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How can I properly take a picture of the main image of my artwork?

The quality of your artwork's main image is paramount to getting it approved by our review team and most importantly to ensuring that potential buyers get a representative view of your artwork.

Here are the requirements to consider for your main image to be approved:

Take a photo of your artwork in its entirety.
Take a straight, front view picture of your artwork, without angles.
Have a minimum resolution of 800 pixels (7.790174 Inch) on the widest side of your artwork.
Avoid overexposure to light (flash or intense sunlight).
Avoid any shading or reflection.
Frame and crop your image properly (no visible background or context).

Note 1: You can use our cropping tool when uploading your main images.

Note 2: Your images will be used to create custom contextual images. (add link for contextual image)

Here are some tips on how to successfully meet the requirements listed above.

This guide is intended for artists who are not photographers. We want to help you take the best possible photos according to our requirements, at home, in your studio, with your phone, your tablet or your digital camera.

Here are some tips:

Lighting

You probably don't have the lighting of a professional photographer on hand. Therefore, here are several things to consider for successful photos.

Always take your pictures outside. Lighting inside your home or your studio will invariably produce cast shadows or reflections. It is almost impossible to eliminate them. The quality and diffusion of daylight is far better than any artificial lighting.

Note that it is even easier to take pictures on a cloudy day since bright sunlight can create reflections or cast shadows. A cloudy day will produce a neutral and diffuse light. If you can't wait for the right day and it's a very sunny day, here are the points to remember: make sure the light is even throughout the artwork, that there are no reflections and that the image is not overexposed. To avoid all of this, you will need to place the artwork in the shade and on the ground. Take the picture from above (understand that by placing the work vertically, it is likely that the top of the artwork will be much lighter than the bottom).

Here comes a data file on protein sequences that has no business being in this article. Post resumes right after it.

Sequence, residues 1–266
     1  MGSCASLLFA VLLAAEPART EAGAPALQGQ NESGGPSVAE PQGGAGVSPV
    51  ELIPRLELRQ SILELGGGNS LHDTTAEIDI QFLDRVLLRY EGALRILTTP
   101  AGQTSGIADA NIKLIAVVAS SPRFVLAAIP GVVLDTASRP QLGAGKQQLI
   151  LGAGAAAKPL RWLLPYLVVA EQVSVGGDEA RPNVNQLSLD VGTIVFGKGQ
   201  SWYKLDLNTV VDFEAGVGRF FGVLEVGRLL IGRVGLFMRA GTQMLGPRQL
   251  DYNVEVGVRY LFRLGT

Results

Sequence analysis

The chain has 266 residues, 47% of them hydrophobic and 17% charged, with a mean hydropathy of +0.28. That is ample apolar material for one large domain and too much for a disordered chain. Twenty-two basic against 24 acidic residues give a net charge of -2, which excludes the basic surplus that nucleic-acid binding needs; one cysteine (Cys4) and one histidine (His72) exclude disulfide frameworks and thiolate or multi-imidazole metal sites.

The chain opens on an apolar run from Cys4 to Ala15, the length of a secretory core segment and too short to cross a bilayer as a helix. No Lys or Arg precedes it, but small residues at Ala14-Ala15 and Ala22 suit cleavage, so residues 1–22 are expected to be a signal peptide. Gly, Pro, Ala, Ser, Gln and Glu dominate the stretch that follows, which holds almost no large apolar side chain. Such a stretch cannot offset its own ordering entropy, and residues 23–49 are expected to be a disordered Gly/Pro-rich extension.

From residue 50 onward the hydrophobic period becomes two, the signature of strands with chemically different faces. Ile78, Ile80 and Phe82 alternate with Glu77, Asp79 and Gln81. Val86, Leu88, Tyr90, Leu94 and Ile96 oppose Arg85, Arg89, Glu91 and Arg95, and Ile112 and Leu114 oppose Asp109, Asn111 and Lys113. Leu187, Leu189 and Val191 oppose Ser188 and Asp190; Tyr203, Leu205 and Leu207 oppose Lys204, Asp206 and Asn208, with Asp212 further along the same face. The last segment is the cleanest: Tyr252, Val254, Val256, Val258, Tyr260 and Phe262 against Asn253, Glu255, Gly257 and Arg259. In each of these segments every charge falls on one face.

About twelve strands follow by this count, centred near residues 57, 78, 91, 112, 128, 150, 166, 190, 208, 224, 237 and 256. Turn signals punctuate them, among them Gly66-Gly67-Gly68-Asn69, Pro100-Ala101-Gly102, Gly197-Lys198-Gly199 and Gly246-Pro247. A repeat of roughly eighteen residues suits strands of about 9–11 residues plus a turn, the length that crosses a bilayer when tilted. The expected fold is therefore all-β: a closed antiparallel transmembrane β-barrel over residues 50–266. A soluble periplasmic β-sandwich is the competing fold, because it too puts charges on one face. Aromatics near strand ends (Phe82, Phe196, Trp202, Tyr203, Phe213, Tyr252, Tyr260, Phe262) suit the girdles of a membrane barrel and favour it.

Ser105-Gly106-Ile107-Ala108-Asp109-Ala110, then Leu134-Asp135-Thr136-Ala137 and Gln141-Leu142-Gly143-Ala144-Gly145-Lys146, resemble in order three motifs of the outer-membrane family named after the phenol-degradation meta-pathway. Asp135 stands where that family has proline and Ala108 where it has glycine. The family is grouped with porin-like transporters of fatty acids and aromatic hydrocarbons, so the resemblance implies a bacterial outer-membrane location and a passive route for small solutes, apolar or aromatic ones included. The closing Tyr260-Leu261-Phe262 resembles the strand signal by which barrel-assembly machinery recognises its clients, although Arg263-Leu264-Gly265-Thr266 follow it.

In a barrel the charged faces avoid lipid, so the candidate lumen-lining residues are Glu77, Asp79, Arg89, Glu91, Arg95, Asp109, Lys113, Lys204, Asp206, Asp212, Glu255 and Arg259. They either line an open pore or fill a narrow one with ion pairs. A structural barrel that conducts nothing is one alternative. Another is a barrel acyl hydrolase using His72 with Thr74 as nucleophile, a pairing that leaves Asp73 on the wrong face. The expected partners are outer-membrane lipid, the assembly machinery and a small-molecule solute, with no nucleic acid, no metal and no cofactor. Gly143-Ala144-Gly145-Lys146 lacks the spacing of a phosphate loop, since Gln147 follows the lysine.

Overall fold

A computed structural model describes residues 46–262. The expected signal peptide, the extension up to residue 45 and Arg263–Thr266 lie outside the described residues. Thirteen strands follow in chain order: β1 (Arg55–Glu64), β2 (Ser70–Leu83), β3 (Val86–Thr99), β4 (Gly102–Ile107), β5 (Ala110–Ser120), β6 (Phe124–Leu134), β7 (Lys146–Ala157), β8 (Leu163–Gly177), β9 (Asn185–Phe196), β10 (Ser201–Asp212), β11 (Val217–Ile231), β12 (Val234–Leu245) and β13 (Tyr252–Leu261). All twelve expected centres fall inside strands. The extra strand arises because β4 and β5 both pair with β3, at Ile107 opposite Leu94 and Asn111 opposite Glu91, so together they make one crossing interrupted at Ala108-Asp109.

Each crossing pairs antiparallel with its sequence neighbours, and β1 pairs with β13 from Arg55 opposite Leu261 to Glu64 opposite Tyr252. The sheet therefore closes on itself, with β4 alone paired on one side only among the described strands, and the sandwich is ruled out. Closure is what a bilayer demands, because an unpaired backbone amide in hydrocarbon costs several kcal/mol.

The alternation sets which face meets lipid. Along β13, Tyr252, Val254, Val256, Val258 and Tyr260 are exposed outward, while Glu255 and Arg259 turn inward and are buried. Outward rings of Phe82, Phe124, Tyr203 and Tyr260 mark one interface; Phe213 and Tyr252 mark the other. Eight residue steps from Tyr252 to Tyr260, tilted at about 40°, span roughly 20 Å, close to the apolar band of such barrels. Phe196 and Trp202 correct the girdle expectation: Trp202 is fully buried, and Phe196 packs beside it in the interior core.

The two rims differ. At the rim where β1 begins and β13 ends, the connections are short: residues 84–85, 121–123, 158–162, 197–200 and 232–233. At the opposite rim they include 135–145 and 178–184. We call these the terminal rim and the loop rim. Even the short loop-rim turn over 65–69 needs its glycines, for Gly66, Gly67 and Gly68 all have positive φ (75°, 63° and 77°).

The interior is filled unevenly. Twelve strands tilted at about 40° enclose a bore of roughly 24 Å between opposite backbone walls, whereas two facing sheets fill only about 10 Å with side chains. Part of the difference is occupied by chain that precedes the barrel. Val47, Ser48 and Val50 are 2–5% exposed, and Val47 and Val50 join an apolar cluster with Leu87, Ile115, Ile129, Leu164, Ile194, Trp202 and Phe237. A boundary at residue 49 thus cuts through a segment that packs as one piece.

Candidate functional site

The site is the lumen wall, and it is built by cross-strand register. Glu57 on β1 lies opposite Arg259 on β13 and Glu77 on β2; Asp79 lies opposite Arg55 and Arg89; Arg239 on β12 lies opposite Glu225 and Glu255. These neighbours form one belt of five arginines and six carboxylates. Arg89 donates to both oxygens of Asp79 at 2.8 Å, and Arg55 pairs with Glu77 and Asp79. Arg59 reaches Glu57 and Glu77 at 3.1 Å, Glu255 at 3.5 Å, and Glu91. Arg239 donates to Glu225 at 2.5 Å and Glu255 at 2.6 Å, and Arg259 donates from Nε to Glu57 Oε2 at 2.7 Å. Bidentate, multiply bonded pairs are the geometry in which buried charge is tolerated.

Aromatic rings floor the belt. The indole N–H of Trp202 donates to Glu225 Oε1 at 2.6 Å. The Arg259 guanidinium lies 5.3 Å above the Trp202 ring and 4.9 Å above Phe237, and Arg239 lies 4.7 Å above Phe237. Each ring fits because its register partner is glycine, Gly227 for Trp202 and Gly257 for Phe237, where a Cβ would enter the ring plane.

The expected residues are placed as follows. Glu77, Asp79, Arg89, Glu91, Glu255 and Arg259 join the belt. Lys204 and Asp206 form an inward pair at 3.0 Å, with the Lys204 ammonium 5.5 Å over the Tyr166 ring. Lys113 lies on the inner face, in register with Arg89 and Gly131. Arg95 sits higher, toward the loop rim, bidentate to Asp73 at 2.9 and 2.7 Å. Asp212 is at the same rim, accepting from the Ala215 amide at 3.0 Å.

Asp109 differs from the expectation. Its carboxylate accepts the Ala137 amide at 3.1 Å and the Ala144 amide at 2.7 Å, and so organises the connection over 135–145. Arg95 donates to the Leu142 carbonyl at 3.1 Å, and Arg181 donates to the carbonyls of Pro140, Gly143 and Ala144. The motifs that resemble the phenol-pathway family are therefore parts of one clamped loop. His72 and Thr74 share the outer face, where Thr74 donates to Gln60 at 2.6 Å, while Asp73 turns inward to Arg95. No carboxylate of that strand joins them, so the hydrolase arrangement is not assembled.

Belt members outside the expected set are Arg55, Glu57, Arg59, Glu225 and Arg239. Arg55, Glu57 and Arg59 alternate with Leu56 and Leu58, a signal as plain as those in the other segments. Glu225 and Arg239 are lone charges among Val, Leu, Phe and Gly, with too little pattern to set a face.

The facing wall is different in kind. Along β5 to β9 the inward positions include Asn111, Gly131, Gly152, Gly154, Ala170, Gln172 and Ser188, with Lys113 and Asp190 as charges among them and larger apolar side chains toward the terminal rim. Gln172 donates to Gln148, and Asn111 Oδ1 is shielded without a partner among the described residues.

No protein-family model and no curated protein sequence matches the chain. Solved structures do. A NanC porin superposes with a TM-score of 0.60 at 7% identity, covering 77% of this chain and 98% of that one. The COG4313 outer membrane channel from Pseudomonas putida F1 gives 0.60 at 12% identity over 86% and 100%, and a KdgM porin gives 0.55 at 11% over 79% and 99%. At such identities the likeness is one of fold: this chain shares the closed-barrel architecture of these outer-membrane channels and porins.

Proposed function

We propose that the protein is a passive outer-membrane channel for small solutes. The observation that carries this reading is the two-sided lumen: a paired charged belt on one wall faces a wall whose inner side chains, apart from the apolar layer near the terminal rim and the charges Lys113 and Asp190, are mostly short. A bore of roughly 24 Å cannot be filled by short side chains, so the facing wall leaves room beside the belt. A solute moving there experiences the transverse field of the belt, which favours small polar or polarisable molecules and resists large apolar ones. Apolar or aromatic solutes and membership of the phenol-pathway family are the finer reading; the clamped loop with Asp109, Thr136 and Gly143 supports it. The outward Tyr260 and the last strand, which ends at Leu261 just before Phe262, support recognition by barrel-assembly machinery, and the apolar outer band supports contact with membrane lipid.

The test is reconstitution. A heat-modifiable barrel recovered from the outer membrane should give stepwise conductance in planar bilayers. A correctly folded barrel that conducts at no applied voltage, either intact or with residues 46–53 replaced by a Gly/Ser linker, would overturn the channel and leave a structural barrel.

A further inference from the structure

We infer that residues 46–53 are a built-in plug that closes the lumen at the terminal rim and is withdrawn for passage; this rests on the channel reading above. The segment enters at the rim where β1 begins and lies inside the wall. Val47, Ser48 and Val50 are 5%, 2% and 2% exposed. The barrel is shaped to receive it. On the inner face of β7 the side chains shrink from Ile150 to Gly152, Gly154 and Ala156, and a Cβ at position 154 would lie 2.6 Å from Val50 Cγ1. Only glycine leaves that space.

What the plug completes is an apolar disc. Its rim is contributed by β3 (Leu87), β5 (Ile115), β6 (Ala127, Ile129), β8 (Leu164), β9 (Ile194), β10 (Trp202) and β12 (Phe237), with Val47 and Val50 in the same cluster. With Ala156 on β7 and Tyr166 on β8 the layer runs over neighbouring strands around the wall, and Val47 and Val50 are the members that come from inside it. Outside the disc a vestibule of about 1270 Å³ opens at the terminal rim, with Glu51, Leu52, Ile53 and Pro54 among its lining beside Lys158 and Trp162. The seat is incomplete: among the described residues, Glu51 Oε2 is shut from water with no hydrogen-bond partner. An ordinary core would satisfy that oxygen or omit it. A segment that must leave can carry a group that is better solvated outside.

If you can't shoot outside, you can still use daylight by positioning yourself in a bright area near the windows. Ideally, wait for a bright day.

Place the artwork in front of a large window, the one that lets in the most light.
Turn off all artificial lights. Do not use the flash.
Move the artwork around until you find a place where the light is evenly distributed over the entire surface of the artwork, from top to bottom and from left to right.

Be patient and take several pictures with each move. You will soon see the differences from one photo to the next and be able to choose the best one.

If it is absolutely impossible to use daylight and you must use artificial light, use at least two identical lamps, and even four if possible.

Position the lamps symmetrically on each side of the artwork.
Project the light onto the artwork so that it is evenly distributed from top to bottom and from right to left. Avoid creating reflections.
Change the positioning of the lights until you find the ideal lighting.

Be patient and take several pictures with each change and choose the best one.

Cropping (set up)

Once you have found the perfect location and lighting, make sure you have enough distance to frame the work properly. Be sure to create right angles as you want to avoid any perspective effects. To do this, hold your camera perfectly parallel to the angle of the artwork.

Take several shots at different distances to ensure that you have the perfect angle and a perfectly sharp picture. You don't need to get too close in order to frame the artwork perfectly in your viewfinder: everything around the artwork (decor, wall, etc.) will be cropped out. That said, don't be too far away when taking the picture! You don't want to have to shrink the image considerably, as this will somewhat diminish its quality.

Focus

Make sure the picture is perfectly in focus. If you're using a digital camera, it's probably set to auto-focus and you won't have a problem, especially if you take a few pictures to account for the adjustments the camera makes.

If you're using a tablet or a phone, it will also have auto-focus built in, but it's not as reliable. Take a few photos, at slightly different distances, each time waiting a few seconds before taking the photo (to allow the camera to adjust).

If you're using an iPhone or an iPad, press and hold your finger on the object onscreen that needs to be in focus.

Touch-ups

It's normal to do some retouching to make your photo look like it was taken under ideal conditions. Here are the touch-ups you can do:

Crop the edges and rotate the image if necessary.
Increase or decrease the brightness.
Increase or decrease the saturation.
Increase or decrease the contrast.
Adjust the "temperature" or hue.

Please note that these adjustments should be made only to improve the resemblance of your photo to the original artwork and not to change its appearance! For example, if the whites appear blue in the photo, it is important to adjust the saturation and the contrast. As another example, if the blacks look lighter than they really are, use the contrast tool.

It's against our policies to alter the appearance of your artwork by using filters or any other digital editing tools that may distort the photo of your artwork.
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